Justice Shah has taken up the issue with Ganguly and the board for clarification, and even said he had not heard from Ganguly, though the former India captain insists he has sent in his reply.
 
Thakur was quick to refute the allegations, stating his business relations with Rathour have nothing to do with cricket and that their families have known each other for four decades.
 
For good measure, Thakur points to a sinister motive behind the complaints as he sees names of only a particular section of the board officials are being dragged. He also defended the board's media manager, saying he has no stake in the media company he has been linked to. What Thakur doesn't say is that the media manager was involved with a couple of former Test stars as their agent.
 
Whatever Ganguly and Thakur might say, prima facie they cannot deny their personal relations with the people they are involved with and they have to come clean. The complainant has done extensive research before filing his complaints and it is up to the ombudsman to take the call.
 
Ganguly, who is a member of the IPL Governing Council, is a co-owner of Indian Super League football club Atletico de Kolkata along with well-known businessmen. Nothing wrong with the arrangement till one of the tycoons bought IPL's new Pune-based franchise. It would be interesting to see how Ganguly explains it away logically with legalese thrown in.
 
In Thakur's case it is more personal. He was joint secretary when Rathour was appointed as a national selector and he was secretary when the former India opening batsman got the extension, though Rathour qualifies by virtue of being a former Test player.
 
The crux of the matter is not whether Rathour deserves to be a selector, the complainant brought into focus Rathour citizenship, pointing out that he is a British and carries that country's passport. 
 
In the case of the BCCI's media manager, the allegation is that a family member of his is taking care of his business interests. Here it must be mentioned that he also fits in with the media job as he had worked with electronic media for a few years before getting into event management. His proximity to some top players is all too wellknown. In the past, there were disparaging whispers about a board's media adviser being a columnist.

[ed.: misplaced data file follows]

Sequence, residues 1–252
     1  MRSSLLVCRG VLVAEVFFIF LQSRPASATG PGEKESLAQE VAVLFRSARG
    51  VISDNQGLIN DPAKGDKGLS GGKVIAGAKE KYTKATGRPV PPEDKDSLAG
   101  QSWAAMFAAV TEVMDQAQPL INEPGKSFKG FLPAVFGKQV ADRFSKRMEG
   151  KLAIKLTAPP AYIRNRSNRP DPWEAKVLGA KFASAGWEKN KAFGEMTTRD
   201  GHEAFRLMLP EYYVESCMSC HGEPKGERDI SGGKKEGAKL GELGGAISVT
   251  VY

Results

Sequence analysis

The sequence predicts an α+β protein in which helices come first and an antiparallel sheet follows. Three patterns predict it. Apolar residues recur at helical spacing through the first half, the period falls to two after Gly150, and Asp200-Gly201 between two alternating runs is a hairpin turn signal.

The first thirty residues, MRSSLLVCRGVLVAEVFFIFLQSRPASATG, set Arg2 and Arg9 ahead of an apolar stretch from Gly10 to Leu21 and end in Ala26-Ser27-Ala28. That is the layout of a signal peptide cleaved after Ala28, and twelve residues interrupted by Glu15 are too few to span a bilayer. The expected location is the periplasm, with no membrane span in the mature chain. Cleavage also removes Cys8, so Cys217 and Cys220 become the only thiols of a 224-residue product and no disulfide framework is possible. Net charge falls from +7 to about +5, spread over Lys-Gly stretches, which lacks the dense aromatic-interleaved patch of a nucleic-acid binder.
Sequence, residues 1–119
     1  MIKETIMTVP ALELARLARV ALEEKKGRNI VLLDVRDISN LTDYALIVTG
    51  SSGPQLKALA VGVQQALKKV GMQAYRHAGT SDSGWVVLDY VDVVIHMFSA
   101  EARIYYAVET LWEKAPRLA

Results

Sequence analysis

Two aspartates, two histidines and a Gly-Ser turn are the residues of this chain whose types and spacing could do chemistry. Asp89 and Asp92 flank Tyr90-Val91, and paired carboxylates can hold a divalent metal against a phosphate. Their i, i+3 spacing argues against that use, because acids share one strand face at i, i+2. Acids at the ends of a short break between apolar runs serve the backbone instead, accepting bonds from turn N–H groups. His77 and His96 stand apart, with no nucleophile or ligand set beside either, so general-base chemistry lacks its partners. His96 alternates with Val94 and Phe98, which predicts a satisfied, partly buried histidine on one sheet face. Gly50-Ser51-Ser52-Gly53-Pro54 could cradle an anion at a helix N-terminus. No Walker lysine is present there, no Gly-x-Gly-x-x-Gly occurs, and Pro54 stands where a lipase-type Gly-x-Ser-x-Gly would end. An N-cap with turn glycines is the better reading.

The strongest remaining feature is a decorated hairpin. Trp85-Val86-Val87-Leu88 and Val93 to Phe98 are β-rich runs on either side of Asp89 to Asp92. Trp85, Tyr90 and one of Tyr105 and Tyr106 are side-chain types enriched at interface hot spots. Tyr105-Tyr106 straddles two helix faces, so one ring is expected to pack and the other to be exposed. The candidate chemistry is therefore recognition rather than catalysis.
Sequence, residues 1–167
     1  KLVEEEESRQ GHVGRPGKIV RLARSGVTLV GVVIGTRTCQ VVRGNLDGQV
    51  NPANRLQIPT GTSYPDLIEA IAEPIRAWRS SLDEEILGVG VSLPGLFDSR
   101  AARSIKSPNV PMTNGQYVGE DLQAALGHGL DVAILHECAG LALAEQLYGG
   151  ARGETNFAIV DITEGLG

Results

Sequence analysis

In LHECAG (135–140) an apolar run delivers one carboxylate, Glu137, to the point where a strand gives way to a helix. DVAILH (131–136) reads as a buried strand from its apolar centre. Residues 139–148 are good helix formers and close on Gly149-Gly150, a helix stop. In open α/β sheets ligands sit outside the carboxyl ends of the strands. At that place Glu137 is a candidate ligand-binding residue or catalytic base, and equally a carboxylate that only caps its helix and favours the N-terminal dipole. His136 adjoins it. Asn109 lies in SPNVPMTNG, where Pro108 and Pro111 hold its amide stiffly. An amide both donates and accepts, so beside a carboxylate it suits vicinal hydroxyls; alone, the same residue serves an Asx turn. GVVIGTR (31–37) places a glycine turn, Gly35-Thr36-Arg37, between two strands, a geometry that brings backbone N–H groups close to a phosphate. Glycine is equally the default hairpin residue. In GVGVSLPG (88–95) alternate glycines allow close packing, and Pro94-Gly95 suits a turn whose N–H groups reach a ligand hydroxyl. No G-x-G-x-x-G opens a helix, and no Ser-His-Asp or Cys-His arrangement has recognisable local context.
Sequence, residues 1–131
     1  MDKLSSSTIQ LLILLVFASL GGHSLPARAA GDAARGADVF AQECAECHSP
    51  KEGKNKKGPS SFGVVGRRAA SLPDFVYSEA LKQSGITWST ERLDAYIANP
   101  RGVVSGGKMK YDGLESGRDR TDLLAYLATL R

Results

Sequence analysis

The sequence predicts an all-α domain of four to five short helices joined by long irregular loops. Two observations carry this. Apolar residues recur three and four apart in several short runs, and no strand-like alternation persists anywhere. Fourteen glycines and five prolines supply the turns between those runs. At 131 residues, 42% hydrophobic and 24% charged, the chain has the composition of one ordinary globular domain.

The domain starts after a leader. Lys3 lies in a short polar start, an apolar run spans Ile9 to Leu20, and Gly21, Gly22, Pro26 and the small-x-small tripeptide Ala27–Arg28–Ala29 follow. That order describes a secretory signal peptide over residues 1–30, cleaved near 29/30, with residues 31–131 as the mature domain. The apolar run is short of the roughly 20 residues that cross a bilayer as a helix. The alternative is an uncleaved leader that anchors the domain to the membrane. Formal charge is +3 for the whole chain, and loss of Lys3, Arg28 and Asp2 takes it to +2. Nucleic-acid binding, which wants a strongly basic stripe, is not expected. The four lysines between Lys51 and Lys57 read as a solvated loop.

Thakur has also obliquely stated that the appointment of ombudsman has given rise to some people to make false allegations. Eventually, he has to explain his position and it is for the ombudsman to decide whether there is any conflict of interest in Ganguly and Thakur-Rathour business dealings.
 
The Cricket Association of Bengal (CAB), of which Ganguly is president, is the first state unit to officially come out with objections to 10 of the 21 recommendations of the Lodha Committee!
 
Good week for sport, bad news of board officials.
 
Disclaimer: Information, facts or opinions expressed in this news article are presented as sourced from IANS and do not reflect views of Moneylife and hence Moneylife is not responsible or liable for the same. As a source and news provider, IANS is responsible for accuracy, completeness, suitability and validity of any information in this article.

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Big gainers when the market declined
Over the last 12 months, the Sensex has been down by about 14.8%. But a handful of stocks recorded massive gains. Which were these stocks?
 
Last January, investors expected the market to put in another year of strong rally after the sharp rise they enjoyed in 2014, following the installation of a new government at the Centre in mid-2014. The S&P BSE Sensex was above 29,000 in January 2015 and seemed to be headed higher. Investors were expecting a “reformist” budget, the second one by the Narendra Modi government. Actually, it was first one that the government had time to plan. After all, the July 2014 budget left the government with very little time to prepare. The budget turned out to be an anti-climax. The Sensex crossed 30,000 but that was the peak. On 20th January 2016, it had touched a low of 23,839, a peak to trough decline of 20.6%.